Oxirane, mono[(C12-14-alkyloxy)methyl] derivatives: Human health tier II assessment
01 July 2016
CAS Number: 68609-97-2
- Chemical Identity
- Import, Manufacture and Use
- Existing Work Health and Safety Controls
- Health Hazard Information
- Risk Characterisation
- NICNAS Recommendation
This assessment was carried out by staff of the National Industrial Chemicals Notification and Assessment Scheme (NICNAS) using the Inventory Multi-tiered Assessment and Prioritisation (IMAP) framework.
The IMAP framework addresses the human health and environmental impacts of previously unassessed industrial chemicals listed on the Australian Inventory of Chemical Substances (the Inventory).
The framework was developed with significant input from stakeholders and provides a more rapid, flexible and transparent approach for the assessment of chemicals listed on the Inventory.
Stage One of the implementation of this framework, which lasted four years from 1 July 2012, examined 3000 chemicals meeting characteristics identified by stakeholders as needing priority assessment. This included chemicals for which NICNAS already held exposure information, chemicals identified as a concern or for which regulatory action had been taken overseas, and chemicals detected in international studies analysing chemicals present in babies’ umbilical cord blood.
Stage Two of IMAP began in July 2016. We are continuing to assess chemicals on the Inventory, including chemicals identified as a concern for which action has been taken overseas and chemicals that can be rapidly identified and assessed by using Stage One information. We are also continuing to publish information for chemicals on the Inventory that pose a low risk to human health or the environment or both. This work provides efficiencies and enables us to identify higher risk chemicals requiring assessment.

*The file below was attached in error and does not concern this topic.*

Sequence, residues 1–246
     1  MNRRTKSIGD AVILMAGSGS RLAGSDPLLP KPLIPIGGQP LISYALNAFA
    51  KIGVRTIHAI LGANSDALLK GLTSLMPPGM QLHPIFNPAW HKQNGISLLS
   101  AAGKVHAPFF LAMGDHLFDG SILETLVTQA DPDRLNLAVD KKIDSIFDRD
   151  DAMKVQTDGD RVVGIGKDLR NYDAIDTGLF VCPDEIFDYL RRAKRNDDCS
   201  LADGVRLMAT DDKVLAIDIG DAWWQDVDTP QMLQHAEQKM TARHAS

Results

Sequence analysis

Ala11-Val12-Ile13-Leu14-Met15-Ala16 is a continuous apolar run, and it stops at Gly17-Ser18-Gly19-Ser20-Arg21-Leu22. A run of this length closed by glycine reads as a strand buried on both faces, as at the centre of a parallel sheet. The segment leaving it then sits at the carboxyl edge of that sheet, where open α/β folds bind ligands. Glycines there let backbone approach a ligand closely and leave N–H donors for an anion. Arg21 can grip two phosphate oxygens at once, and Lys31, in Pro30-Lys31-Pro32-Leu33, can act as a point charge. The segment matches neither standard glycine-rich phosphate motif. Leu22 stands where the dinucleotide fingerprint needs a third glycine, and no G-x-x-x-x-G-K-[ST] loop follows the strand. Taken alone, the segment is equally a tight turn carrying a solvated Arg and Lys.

The IMAP framework is a science and risk-based model designed to align the assessment effort with the human health and environmental impacts of chemicals. It has three tiers of assessment, with the assessment effort increasing with each tier. The Tier I assessment is a high throughput approach using tabulated electronic data. The Tier II assessment is an evaluation of risk on a substance-by-substance or chemical category-by-category basis. Tier III assessments are conducted to address specific concerns that could not be resolved during the Tier II assessment.
These assessments are carried out by staff employed by the Australian Government Department of Health and the Australian Government Department of the Environment and Energy. The human health and environment risk assessments are conducted and published separately, using information available at the time, and may be undertaken at different tiers.This chemical or group of chemicals are being assessed at Tier II because the Tier I assessment indicated that it needed further investigation.
For more detail on this program please visit:www.nicnas.gov.au
NICNAS has made every effort to assure the quality of information available in this report. However, before relying on it for a specific purpose, users should obtain advice relevant to their particular circumstances. This report has been prepared by NICNAS using a range of sources, including information from databases maintained by third parties, which include data supplied by industry. NICNAS has not verified and cannot guarantee the correctness of all information obtained from those databases. Reproduction or further distribution of this information may be subject to copyright protection. Use of this information without obtaining the permission from the owner(s) of the respective information might violate the rights of the owner. NICNAS does not take any responsibility whatsoever for any copyright or other infringements that may be caused by using this information.
|Synonyms|| (C12-14) alkylglycidyl ether|